New era in management : Managers, victims of their own success?

February 25, 2017 7:41 am

“Champion of England and FIFA manager of the year. Sacked. Keep smiling amico, nobody can delete the history you wrote”, read a post on Jose Mourinho’s Instagram account after reigning English Champions, Leicester City, announced that they have relieved first team boss, Claudio Ranieri, of his duties. This sacking is yet another testament to an era which is increasingly becoming stringent for managers, to the point of being greatly unfair. Not even the grandest kinds of laurels can guarantee security at the top job. The fact that 4 out of the last 5 Premier League winning managers have been sacked is one of the many evidences that lends traction to this statement. The likes of Sir Alex Ferguson and Arsene Wenger seem highly incongruous in these times. Here’s a look at those managers, who many feel, deserved better for what they had given to their respective clubs:

Harry Redknapp (Tottenham Hotspur):

When Harry Redknapp succeeded Juande Ramos at White Hart Lane in 2008, the club was enduring a dismal time on the pitch – 2 points from 8 games and lying in the relegation zone. Redknapp turned the tide around though, ensuring that Spurs finished in the top half of the table that season. The next year, Spurs qualified for the Champions League for the first time ever, at the end of a tremendous season. Narrowly missing out on the fourth place in the Premier League table and heavy speculation linking the veteran manager with the then vacant post of England coach, saw Redknapp getting the axe in 2012. Spurs chairman Daniel Levy, was apparently disappointed with the team’s implosion at the end of the season, and decided to terminate Redknapp’s contract even after the Englishman’s four good seasons at the North London club.

Vicente Del Bosque (Real Madrid):

Real Madrid have a history of changing managers at regular intervals. Though, winning two La Ligas, two Champions League, a UEFA supercup, a Spanish supercup and an Intercontinental cup should be reason enough for the upper echelons of a football club to keep hold of the man who’s bringing such kind of success. But, this wasn’t the case with Vicente Del Bosque. After having led the Los Blancos to arguably their most successful period in the modern-day game, Del Bosque was sacked by Real Madrid in 2003, right after he won the 29th La Liga title for Madrid, much to the bewilderment of the footballing fraternity.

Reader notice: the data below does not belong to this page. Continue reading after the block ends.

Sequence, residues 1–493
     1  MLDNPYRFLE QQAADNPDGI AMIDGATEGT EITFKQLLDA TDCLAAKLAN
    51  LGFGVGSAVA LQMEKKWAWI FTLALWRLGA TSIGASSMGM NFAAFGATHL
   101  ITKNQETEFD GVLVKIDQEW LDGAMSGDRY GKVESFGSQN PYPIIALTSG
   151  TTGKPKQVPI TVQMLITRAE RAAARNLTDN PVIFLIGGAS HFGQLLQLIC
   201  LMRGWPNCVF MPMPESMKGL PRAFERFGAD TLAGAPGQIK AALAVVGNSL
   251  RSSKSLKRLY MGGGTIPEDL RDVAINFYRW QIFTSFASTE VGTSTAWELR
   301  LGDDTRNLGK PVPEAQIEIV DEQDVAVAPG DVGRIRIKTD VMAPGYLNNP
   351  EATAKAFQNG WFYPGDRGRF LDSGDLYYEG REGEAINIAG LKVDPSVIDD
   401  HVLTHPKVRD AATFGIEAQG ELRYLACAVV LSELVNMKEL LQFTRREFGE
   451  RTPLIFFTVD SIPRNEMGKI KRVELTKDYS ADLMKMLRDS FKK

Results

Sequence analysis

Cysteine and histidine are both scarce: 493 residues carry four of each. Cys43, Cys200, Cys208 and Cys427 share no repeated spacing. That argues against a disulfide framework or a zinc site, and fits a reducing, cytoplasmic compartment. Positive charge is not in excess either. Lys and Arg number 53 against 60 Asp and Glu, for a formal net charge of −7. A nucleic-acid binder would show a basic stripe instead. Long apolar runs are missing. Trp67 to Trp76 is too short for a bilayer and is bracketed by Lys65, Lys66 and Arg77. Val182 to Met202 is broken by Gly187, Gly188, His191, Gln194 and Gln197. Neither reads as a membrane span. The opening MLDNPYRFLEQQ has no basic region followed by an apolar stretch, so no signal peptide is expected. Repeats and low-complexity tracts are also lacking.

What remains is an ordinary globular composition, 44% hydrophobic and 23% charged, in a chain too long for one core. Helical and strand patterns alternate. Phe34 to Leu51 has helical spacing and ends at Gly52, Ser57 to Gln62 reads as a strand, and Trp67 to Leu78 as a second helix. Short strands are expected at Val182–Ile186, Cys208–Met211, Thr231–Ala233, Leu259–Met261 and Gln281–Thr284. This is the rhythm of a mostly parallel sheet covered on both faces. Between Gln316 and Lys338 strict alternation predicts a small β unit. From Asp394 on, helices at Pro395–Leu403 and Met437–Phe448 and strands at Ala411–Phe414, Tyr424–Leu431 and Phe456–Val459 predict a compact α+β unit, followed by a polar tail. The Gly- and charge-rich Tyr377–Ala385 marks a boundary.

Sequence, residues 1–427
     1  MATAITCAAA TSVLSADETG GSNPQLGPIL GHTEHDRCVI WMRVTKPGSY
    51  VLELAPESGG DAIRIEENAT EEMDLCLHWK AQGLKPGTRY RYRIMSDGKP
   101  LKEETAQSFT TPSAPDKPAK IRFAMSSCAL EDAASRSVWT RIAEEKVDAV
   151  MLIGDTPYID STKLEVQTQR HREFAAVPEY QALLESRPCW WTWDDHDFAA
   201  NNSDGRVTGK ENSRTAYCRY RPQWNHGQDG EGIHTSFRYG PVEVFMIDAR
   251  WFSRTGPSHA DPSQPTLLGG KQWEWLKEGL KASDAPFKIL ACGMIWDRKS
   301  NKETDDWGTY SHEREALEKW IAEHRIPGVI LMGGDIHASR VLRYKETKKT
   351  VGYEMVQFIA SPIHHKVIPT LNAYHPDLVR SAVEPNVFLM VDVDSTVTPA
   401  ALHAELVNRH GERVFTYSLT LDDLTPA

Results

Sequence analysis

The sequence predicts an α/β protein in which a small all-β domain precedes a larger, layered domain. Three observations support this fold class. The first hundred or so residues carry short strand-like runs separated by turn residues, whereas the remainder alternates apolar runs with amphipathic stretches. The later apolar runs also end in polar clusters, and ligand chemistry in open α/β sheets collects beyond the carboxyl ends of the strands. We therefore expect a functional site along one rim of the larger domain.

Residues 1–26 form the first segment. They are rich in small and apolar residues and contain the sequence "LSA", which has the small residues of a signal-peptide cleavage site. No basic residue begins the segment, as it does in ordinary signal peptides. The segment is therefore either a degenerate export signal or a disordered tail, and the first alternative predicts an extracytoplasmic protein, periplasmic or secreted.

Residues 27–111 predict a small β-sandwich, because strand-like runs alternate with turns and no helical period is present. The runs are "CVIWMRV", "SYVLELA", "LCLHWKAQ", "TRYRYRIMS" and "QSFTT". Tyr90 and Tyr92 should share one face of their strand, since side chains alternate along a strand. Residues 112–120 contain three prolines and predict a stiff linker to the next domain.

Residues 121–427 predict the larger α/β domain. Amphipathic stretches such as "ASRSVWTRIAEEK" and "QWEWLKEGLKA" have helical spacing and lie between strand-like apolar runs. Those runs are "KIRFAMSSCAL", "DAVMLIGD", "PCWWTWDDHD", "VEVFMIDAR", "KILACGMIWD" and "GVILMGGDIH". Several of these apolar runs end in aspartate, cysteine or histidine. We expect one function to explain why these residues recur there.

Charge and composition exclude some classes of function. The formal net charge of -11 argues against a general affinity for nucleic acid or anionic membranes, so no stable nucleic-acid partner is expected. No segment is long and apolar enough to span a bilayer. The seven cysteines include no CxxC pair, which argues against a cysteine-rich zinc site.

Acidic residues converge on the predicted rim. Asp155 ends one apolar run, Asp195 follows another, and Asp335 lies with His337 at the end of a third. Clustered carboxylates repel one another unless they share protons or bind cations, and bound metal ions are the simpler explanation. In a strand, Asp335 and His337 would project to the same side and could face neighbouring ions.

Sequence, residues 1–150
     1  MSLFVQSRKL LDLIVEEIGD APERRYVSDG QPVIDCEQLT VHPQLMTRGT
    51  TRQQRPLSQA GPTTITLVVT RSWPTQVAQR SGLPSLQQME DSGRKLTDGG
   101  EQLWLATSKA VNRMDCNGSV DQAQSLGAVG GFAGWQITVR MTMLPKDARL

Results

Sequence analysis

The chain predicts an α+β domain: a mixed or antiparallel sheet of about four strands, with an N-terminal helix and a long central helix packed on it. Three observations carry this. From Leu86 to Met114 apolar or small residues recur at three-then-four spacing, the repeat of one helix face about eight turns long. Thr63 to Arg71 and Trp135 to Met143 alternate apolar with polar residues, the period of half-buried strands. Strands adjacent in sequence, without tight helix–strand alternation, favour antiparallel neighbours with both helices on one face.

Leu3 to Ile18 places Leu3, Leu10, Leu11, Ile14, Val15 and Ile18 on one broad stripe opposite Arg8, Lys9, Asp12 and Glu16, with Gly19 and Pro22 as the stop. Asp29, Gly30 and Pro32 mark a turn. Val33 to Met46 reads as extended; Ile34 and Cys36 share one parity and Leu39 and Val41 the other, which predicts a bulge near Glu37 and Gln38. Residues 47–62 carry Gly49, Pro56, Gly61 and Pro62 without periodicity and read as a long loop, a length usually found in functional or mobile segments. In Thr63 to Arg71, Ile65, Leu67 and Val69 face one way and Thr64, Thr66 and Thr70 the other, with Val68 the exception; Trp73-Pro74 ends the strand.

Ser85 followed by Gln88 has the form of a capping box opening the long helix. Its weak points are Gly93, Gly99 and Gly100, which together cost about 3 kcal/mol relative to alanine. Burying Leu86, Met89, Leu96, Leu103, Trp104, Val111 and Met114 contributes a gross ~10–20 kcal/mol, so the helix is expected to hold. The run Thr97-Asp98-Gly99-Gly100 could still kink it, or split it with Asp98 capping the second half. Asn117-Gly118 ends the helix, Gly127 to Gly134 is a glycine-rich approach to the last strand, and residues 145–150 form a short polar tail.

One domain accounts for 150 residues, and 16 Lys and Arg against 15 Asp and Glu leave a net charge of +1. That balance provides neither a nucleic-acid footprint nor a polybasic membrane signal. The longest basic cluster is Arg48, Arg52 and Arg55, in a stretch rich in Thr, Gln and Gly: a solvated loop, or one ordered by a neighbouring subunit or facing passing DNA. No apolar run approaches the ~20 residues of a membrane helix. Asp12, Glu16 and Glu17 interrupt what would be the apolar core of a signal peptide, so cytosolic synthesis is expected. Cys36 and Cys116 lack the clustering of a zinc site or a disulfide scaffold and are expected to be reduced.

According to various reports, the board believed that the Real Madrid’s success had little to do with Del Bosque’s tactical acumen and more with the quality of the players that were being transferred into the club. Club President, Florentino Pérez said in an interview with BBC Sport, “Del Bosque was showing signs of exhaustion. I want to be sincere about this – our belief is that he was not the right coach for the future.”

Louis van Gaal (Bayern Munich):

Louis van Gaal, widely known as one of the most tactically sound coaches in modern football, was appointed by Bayern Munich at the start of the 2009-10 season, as a successor to Jurgen Klinsmann. The Dutchamn enjoyed a terrific first season, leading Bayern to victories in the Bundesliga and the German cup, apart from missing out on a treble, which was denied by his would-be Manchester United successor, Jose Mourinho, in the Champions League final against Inter Milan.

The following season was a complete opposite of the first for Van Gaal, as his side constantly struggled to even get into the Champions League spots. The Bavarian giants released a statement midway through the season that they would be cancelling the former Barcelona manager’s contract at the end of the season, and subsequently sacked him one month prior to the season’s end, with Bayern sitting at the fourth position, one place off the Champions League qualifying spots.

Carlo Ancelotti (Chelsea):

Credits-Chelsea FC / Press Association Images

If an award for being the most insecure destinations for football managers ever becomes a reality, Chelsea would be clear favourites to clinch the title – in the last 21 years, the London club have had 17 different managers, a phenomenon which has proliferated ever since Russian billionaire Roman Abramovich bought the club. But out of all these managers, none was more undeserving to be sacked than Carlo Ancelotti.

The current Bayern Munich manager was reportedly Sir Alex Ferguson’s first choice as his successor at Manchester United, which speaks volumes of the Italian’s footballing acumen. Appointed by Chelsea to satisfy the cravings of free flowing football at Stamford Bridge, Ancelotti delivered a juggernaut. He brought out the best of the likes of Nicolas Anelka, Didier Drogba and Frank Lampard, as Chelsea scored a record 103 goals that season, which was the first instance of a club crossing the 100-goal mark in the history of the Premier League, enroute to winning the  English title and the league cup, Chelsea’s first ever double. Despite finishing second the next season, Ancelotti was informed of his sacking after Chelsea’s last league fixture, a decision which is widely considered to be the most gut-wrenchingly unfair one.


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